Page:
What to do if you’ve got the wrong financial adviser – Daily News

on Sep26
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What happens when you find that the adviser you selected is wrong for you?

If you discover that the professional you have engaged is not what you expected, don’t delay in redirecting your efforts. This is your future – you should feel confident and comfortable that it’s being managed well and the relationship is a positive and supportive one as you move through the process.

Here are signs you may want to consider replacing your current adviser:

You get the feeling that you are being treated as “one size fits all.” If you begin to feel that every question you have has a quick template answer or form, this can send the signal that your adviser either isn’t listening well to you or doesn’t know how to accommodate your situation. In either case, this is not acceptable.

You are receiving signs that your adviser is not as experienced as you had thought. If, in your conversations and exchanges with your adviser, you notice that he needs to confer with colleagues frequently before responding to questions or doesn’t readily know where or how to access the information you need in order to manage your account or situation, this can certainly erode confidence.

You feel your vision and goals for your future are discounted. Do you feel as though your adviser is not considering these or is dismissive of them in your conversations and transactions? If you are receiving signals that your adviser isn’t keeping your interests at the top of all she does for you, it’s time to make a change.

You are receiving communications from your adviser only when you are billed. This is a hot button for me personally. As a business owner that recognizes the importance of relationships, I am astounded again and again at the number of professionals who seem to remember the importance of me and my business only when it is time to bill for services.

You don’t feel comfortable with your adviser. An adviser should be part of your permanent, inner-most circle, and you should enjoy a comfortable and warm energy in the relationship. If you cringe when you think of meeting with yours, or you feel the experience is like taking a dose of castor oil for your own good, it’s time for a change.

Before you search for someone new, please consider the following:

Have you shared how you feel with your current adviser? You might find that you have misunderstood something in the process or a key communication. You have invested time and energy into this relationship, as has your adviser. She may have her own questions about you or the way that you work together. Take the time to explore this together and see if you can clear up your concerns before making a move. As the old adage says, “You take yourself wherever you go.” This means that if the confusion lies on your end, you will find that same confusion with your next adviser.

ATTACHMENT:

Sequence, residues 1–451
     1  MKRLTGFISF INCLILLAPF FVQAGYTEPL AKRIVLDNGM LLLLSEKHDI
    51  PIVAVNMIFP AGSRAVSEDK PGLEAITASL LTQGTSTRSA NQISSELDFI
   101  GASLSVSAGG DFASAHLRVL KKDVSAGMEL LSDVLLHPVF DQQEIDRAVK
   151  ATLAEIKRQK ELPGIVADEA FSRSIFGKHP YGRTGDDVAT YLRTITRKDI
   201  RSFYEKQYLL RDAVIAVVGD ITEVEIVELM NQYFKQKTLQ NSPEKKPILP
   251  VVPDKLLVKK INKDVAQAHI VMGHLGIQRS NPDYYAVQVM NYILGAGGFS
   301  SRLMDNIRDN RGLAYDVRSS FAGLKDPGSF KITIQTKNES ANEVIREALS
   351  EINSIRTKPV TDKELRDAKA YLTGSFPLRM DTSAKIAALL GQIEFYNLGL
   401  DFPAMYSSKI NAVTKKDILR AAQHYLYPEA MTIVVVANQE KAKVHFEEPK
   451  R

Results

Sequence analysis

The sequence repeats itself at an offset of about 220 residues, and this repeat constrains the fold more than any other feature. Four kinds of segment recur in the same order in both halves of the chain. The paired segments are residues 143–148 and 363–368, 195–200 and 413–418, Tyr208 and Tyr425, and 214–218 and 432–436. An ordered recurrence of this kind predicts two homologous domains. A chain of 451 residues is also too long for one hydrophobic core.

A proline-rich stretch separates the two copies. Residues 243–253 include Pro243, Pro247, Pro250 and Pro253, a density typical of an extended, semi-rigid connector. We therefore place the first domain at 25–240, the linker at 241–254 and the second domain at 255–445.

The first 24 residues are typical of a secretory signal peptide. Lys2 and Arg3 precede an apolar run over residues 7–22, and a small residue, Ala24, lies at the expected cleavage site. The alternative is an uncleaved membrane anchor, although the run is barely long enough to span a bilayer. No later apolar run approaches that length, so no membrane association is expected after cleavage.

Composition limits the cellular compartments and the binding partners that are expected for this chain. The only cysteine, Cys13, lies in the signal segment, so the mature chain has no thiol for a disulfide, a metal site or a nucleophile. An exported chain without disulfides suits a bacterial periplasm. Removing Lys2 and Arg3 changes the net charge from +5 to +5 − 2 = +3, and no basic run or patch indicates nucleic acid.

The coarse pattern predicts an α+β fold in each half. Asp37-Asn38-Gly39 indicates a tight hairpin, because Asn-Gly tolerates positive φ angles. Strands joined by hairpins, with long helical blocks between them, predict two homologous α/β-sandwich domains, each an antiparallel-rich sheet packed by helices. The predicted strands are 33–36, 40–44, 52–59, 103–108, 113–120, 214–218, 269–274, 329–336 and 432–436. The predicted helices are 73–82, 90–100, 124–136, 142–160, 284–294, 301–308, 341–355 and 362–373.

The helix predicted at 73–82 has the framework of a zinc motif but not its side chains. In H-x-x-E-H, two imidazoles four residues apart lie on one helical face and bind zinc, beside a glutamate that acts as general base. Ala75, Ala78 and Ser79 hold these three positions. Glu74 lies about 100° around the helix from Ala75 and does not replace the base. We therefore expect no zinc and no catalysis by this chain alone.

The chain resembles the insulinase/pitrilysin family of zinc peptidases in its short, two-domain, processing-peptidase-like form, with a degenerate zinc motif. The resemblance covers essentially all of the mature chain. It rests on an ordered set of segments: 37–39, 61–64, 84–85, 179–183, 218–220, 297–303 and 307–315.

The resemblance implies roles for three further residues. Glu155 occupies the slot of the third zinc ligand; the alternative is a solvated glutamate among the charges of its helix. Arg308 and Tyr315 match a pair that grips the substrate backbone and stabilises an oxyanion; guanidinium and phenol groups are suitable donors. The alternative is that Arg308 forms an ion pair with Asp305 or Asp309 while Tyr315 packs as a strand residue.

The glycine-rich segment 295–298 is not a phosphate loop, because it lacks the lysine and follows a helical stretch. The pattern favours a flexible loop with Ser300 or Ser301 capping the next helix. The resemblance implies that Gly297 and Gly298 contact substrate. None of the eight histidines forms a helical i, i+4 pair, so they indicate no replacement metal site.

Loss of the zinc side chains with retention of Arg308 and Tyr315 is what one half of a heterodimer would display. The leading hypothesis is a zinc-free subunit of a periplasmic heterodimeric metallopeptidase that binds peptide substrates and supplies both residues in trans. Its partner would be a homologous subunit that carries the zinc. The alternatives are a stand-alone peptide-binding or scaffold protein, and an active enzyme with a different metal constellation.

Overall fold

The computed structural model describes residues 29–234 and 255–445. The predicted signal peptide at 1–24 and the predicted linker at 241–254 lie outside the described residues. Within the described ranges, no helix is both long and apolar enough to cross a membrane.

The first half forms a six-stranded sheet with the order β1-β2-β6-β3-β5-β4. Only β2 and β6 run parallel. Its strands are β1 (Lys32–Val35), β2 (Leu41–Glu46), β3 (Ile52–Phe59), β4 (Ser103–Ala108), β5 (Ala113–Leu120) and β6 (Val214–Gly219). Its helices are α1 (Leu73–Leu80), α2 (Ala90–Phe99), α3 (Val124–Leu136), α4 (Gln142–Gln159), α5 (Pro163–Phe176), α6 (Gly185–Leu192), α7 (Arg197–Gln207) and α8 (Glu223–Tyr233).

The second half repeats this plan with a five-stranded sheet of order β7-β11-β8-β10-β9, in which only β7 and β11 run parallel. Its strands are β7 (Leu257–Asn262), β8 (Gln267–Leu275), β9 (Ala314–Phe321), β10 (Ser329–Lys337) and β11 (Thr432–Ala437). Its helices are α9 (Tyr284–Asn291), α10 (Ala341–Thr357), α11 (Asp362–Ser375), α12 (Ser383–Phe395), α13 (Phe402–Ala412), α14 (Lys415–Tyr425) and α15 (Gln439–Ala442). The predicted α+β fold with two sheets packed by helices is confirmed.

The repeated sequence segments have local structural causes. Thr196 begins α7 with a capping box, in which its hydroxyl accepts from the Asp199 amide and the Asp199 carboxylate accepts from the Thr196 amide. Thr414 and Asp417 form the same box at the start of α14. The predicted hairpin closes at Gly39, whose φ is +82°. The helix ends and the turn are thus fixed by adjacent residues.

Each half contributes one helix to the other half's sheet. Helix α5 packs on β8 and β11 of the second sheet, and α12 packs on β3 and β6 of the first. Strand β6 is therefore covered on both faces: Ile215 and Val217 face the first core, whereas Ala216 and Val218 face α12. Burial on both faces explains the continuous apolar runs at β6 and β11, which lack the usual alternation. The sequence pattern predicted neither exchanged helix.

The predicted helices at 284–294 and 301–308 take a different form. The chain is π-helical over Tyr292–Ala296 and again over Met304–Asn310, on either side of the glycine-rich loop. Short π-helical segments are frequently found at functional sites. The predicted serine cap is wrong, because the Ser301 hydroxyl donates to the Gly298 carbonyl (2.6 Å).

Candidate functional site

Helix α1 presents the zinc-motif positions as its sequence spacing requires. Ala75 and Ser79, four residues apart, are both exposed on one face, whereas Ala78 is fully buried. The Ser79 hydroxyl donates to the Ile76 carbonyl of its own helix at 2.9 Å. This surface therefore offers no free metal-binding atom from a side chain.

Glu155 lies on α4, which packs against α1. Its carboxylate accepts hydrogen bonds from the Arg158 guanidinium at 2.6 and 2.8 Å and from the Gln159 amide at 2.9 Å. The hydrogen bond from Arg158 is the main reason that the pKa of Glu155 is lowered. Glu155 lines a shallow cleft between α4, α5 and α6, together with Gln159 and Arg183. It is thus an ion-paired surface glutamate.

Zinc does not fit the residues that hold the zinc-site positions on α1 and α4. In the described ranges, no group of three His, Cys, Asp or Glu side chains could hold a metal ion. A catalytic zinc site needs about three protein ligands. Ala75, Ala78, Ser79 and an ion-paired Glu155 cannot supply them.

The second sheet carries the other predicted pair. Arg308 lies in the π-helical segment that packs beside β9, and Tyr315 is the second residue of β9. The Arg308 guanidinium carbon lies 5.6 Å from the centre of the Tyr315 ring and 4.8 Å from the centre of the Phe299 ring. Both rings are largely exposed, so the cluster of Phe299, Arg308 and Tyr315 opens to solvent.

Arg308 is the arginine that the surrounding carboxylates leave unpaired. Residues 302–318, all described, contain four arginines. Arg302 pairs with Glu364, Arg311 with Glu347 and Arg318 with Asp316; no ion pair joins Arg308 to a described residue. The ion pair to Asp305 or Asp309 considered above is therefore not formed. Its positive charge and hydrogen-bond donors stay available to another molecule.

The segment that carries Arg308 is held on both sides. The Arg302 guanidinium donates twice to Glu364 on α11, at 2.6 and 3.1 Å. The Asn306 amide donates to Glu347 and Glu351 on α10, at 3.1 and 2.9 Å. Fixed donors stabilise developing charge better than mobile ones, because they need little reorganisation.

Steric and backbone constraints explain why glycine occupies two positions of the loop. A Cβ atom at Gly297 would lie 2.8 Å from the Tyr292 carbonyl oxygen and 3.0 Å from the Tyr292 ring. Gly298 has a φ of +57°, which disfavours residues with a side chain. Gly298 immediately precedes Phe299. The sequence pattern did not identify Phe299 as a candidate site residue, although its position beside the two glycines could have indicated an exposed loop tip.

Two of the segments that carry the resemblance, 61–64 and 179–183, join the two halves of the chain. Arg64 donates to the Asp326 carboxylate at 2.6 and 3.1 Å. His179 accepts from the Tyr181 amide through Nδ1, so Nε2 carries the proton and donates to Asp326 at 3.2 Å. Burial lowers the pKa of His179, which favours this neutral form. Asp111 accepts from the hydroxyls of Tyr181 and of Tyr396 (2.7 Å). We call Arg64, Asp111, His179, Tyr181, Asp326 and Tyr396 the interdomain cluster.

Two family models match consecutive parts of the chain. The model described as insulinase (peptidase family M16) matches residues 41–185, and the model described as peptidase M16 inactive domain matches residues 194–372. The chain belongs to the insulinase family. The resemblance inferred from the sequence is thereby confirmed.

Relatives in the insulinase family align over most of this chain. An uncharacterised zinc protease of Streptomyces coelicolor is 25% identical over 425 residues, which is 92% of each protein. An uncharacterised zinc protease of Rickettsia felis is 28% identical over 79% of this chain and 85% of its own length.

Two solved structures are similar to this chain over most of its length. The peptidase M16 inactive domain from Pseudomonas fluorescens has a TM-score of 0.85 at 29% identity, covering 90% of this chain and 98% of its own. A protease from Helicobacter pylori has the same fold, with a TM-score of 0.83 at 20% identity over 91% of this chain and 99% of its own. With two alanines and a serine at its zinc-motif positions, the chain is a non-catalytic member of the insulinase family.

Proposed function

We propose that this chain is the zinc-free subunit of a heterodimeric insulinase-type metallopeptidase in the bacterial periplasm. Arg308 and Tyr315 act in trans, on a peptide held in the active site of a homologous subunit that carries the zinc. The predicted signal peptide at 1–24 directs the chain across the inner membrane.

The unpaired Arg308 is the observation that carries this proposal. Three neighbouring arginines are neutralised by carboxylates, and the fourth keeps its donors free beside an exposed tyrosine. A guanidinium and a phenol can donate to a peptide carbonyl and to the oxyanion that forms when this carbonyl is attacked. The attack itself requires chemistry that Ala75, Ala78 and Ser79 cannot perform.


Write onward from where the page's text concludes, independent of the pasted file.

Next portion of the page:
If this conversation does not clear things up, researching for a new adviser includes more than a simple referral from someone you know. Here are some tips for you, should you find yourself in such a situation:

Make no assumptions. This is not a time to make assumptions (nor is any other time, as a matter of fact. If you wonder, ask!) For example, just because an adviser is associated with a reputable brand, it does not mean they are personally on top of their game. I have also seen people engage an adviser because they support high-profile people in the area. This does not validate the professional himself – leaders make mistakes every day.

Be clear on what you want. You’ll want to interview candidates with specific questions that tell you they are prepared to serve you well. To do this, make sure you are clear about your vision and goals, and ask them how they would treat this. Ask them about their work philosophy and their approach to see if this aligns with how you would like to work. Don’t be afraid to push back if you are unclear about an explanation, or you prefer to work a little differently, as long as this fits within the best guidelines of what your adviser can do for you.

Before you leap, communicate. Before making the transition to a new adviser, consider doing your adviser and yourself a huge favor: Have a critical conversation to share why you have decided to work with someone else. This is uncomfortable for many people, and some prefer to have their newly-selected adviser reach out on their behalf to request anything pertinent and appropriate such as is needed for account transfers or other relevant information. But if you choose to do so, you will be doing this adviser a favor (and perhaps learn something, yourself). It is helpful to receive feedback that can improve the way that we serve others.

Provide valuable input. Think about what you would want to know if someone working with you decided to take their business elsewhere. What would be valuable input for you? How would you want to receive this?

In this critical conversation, it’s helpful to share the things you appreciated, what is not working for you and why, and the decision you have made to transition. Be careful not to sound accusatory or to personalize things, but simply to focus on sharing your personal experience. This is a kinder way to exit and will support a feeling of goodwill between you.

Patti Cotton works with business owners, executives and their companies to elevate and support leadership at all levels. Contact her at Patti@PattiCotton.com.

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